The Hawaii Occupational Safety and Health Division (HIOSH) is part of the Department of Labor and Industrial Relations. The main office is located in Honolulu, Hawaii.
The Hawaii State Plan applies to all private and state and local government sector workplaces in the state, with the exception of federal government workers. Federal government workers, including those employed by the United States Postal Service, private sector maritime, and land that is under exclusive federal jurisdiction are covered by OSHA.
HIOSH has adopted the majority of OSHA standards that would relate to state and local government and private sector workplaces. Some standards have significant differences and there are some standards that do not have any federal counterparts. HIOSH has adopted the following unique standards:
HIOSH compliance is responsible for the enforcement of HIOSH safety and health standards. HIOSH utilizes the Field Operations Manual (FOM) to provide guidance for the enforcement program. Compliance officers inspect workplaces for hazardous conditions and issue citations where violations of HIOSH regulations are found. Inspections may be the result of regular scheduling, imminent danger reports, fatalities, and employee complaints or referrals. More information on enforcement in Hawaii can be found on the Hawaii State Plan website.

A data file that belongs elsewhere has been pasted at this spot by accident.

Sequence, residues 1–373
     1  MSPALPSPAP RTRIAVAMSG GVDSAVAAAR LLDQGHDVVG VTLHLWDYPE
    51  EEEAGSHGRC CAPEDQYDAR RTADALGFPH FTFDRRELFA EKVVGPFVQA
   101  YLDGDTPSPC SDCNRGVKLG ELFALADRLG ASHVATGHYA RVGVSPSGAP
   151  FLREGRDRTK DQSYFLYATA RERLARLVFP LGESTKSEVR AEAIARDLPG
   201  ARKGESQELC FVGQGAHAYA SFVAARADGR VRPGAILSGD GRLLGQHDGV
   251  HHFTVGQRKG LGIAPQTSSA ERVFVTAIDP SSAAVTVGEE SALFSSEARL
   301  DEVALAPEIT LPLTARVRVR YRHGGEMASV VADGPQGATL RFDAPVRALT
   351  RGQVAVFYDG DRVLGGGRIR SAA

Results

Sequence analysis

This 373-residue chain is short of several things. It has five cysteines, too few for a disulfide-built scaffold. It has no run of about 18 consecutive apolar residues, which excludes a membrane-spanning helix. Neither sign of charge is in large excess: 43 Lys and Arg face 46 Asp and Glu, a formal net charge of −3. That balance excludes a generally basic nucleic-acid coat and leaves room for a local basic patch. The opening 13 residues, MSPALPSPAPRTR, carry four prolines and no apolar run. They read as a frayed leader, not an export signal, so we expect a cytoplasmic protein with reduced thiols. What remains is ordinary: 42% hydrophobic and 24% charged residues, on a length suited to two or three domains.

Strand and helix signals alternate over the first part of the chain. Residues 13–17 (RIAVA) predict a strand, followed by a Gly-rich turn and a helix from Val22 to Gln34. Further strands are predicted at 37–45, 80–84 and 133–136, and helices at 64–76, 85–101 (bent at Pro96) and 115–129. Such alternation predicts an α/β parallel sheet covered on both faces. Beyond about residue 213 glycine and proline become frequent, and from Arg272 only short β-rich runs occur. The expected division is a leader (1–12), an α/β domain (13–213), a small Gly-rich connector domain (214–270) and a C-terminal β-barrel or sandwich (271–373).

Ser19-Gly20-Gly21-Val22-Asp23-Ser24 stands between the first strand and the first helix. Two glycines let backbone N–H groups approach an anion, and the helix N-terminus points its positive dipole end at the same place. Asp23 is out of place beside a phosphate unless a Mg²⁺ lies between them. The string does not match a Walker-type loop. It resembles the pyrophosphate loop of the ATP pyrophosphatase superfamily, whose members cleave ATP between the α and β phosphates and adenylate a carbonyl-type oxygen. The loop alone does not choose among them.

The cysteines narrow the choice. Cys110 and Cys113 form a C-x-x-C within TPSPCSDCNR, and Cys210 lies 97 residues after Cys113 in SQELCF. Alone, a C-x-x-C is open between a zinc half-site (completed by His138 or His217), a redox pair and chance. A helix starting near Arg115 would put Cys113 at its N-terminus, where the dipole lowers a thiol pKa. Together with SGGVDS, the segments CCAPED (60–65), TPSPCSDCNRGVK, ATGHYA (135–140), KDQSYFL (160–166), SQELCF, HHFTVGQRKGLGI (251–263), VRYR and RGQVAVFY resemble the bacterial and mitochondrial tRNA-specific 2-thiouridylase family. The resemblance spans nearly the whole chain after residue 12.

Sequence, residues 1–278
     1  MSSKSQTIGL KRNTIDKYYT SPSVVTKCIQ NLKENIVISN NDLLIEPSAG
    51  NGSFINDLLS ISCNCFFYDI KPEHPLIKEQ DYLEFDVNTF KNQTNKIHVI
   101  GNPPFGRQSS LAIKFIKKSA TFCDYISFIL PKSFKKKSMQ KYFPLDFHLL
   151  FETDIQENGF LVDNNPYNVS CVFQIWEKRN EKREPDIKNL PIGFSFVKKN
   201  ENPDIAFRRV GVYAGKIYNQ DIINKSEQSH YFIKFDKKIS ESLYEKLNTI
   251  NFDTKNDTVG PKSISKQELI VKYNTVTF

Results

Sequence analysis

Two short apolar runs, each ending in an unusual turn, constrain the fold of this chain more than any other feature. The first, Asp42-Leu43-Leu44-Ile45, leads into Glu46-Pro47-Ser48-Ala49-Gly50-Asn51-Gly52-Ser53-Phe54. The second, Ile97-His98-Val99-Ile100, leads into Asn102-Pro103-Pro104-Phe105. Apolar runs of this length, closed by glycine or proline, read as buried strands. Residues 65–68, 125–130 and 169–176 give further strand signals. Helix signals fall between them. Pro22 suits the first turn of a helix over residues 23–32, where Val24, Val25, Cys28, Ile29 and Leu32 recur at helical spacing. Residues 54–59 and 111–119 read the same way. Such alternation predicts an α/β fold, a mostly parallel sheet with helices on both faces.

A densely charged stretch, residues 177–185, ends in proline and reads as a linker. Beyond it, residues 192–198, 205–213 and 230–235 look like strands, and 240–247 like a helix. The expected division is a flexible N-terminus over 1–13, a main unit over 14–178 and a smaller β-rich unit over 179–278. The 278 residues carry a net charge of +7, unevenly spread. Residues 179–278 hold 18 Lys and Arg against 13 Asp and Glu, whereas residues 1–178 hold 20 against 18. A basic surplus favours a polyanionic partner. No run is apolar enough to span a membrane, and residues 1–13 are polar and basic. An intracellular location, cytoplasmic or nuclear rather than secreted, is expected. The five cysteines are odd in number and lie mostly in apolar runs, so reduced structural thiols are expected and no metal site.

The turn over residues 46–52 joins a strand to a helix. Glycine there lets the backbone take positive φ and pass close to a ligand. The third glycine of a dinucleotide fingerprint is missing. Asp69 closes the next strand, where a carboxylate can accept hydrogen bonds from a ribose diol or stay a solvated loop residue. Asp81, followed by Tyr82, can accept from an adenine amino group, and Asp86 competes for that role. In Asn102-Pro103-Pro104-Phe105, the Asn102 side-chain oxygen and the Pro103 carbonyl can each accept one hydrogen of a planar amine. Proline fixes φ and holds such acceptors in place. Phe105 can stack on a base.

HIOSH offers voluntary and cooperative programs focused on reducing injuries, illnesses, and fatalities. HIOSH also offers on-site consultation services which help employers – both state and local government and private – comply with HIOSH or OSHA standards and identify and correct potential safety and health hazards. For more information on these programs, please visit the Hawaii State Plan website.
HIOSH management personnel conduct informal conferences in an effort to resolve contested cases. The Hawaii Labor Relations Board hears and rules on appeals from citations, notifications, and penalties issued by HIOSH’s enforcement unit.
OSHA makes every effort to ensure that the information on this page is accurate and up to date, but changes in state law and procedures affecting the information on this page are beyond OSHA's control. Contact state program staff directly to verify important information.
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